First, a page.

Meanwhile Dusty and Malteser have been specialising in cuteness; Winnie the Wood Pigeon is as gorgeous as ever and will soon celebrate her 2nd birthday; the goats took full advantage of their one opportunity (and I shall ensure it is their last) to break into the beautifully fenced rhubarb bed and leave a scene of devastation behind them; and my new rescue chickens, Cheeky and Monkey (Monkey is below centre) – no need to say more – have settled into Crossways Farm life as though they never knew anything else.
17/12/2018 When I first heard reports from friends and neighbours of bluebells sprouting in December, I thought they must be mistaken. I have rarely noticed snowdrop shoots in December, and that seemed far more likely than bluebells. With a large dollop of doubt and no first-hand evidence to settle the matter, I soon forgot about it.
Until last year, when I actually paid attention to what was under my nose.
25/10/2018 I tend to suffer from maple envy in autumn when I look above the ugly, half-bare conifer hedge towards my neighbours’ garden, and see the top of their bright red maple tree, which was yellow not long ago. This year it got me thinking. My dad and my brother planted plenty of maple trees in my garden, so where are all the autumn colours?
10/10/2018 For a few months in 2011 I lived next to a river near Pucón, in the temperate rainforest region of Chile. Large, evergreen shrubs that looked similar to box grew in abundance along the riverbank, and one day I saw a lady with her young son collecting buckets full of the red berries that grew on them. I asked her what they were, and what she used them for. ‘They’re murtillas’, she said, ‘I make jam with them’.
I picked some and ate them. The flavour was like nothing I’d ever tasted before, and I was excited. The next day I went back with a plastic bag to collect more, and so began my first jam-making attempts.
1/10/2018 I have never much liked ivy – except when it radiates sparrow chatter – and I don’t know many people who do. There is only one context in which I think it has any aesthetic appeal: growing, spider-like, up the outside of an old church wall or door. But I know those conserving the buildings must be at constant war with it.
Six years ago, when I first started walking along the South West Coast Path, I had an entirely new experience of ivy. Almost simultaneously I heard a loud buzzing and noticed a strong smell of honey. I looked ahead and saw a long stretch of hemispherical yellow-green flowers on both sides of the footpath. They were covered in bees, wasps, bumblebees and hoverflies. Butterflies were also fluttering about them.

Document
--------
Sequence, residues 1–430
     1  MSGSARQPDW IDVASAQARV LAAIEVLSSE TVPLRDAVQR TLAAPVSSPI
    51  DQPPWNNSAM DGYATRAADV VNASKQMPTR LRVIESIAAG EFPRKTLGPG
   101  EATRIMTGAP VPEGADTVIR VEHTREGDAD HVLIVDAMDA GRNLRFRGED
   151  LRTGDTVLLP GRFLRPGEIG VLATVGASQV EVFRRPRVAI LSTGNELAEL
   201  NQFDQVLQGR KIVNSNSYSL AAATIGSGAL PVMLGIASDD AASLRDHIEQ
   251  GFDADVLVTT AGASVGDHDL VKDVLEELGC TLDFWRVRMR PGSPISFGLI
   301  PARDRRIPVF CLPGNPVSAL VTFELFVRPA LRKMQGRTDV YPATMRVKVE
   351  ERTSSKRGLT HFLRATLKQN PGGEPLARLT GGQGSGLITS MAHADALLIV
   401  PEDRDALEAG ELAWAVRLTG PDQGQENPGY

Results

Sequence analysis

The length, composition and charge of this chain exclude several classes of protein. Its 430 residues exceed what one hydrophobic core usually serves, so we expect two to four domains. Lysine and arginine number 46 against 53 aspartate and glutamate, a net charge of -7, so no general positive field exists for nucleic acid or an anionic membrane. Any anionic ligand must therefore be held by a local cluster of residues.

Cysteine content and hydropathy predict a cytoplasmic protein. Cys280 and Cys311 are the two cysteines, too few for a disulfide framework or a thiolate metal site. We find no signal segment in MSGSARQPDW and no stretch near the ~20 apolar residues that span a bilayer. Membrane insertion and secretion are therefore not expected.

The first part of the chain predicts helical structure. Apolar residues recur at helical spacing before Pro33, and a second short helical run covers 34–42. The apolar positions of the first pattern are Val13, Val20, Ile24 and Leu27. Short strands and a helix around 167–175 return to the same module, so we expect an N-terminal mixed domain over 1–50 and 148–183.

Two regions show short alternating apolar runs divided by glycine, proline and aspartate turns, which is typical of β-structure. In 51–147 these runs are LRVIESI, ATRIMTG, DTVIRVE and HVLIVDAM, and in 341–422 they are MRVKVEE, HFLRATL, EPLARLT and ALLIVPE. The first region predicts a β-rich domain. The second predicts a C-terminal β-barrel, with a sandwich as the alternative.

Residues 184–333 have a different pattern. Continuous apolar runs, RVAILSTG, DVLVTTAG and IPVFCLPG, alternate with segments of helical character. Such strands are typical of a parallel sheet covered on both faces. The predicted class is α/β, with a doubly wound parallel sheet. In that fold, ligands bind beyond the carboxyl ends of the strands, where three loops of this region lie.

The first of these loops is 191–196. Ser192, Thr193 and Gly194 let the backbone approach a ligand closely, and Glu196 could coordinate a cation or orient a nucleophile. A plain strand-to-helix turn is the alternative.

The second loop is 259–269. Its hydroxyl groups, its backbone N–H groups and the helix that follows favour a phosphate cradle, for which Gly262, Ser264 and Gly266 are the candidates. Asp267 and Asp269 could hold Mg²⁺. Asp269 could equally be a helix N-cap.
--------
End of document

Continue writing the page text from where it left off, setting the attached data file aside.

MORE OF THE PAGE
21/6/2018 I am so late with my last two spring treasures that they have spilled over into summer. I mustn’t use this as an excuse to abandon them though; they have been flitting around in my head, even if they have not alighted until now.
I thought pyramidal orchids would be my choice of penultimate spring treasure. They grow in my wildflower meadow – though I have only found one so far this year – and there is a forest of them at the Hobbets. In the end, however, I realised it isn’t just the orchids I love, it is their context: the sheer abundance of them at the Hobbets amongst the oxeye daisies, meadow vetchling and black medick. What’s more, there isn’t just one species of orchid there, but two. At first I thought they were a variation of the pyramidal orchid – which is known to range in colour from pale pink to deep pink-purple – but now I know better. They are marsh orchids. To my shame, I haven’t yet identified which type of marsh orchid they are, but I will make the time this very week and take along my plant identification guide.
4/2/2018 The viburnum is one of the very few winter blossoms I have in my garden. Usually the only one, in fact, unless the weather is unseasonably mild and spring blossom arrives early. I know next to nothing about shrubs, but I have managed to identify it with a fair degree of certainty as Viburnum x bodnantense, ‘Dawn’, a large deciduous shrub (bordering on small tree) that produces sweetly fragranced clusters of light pink flowers from autumn to spring.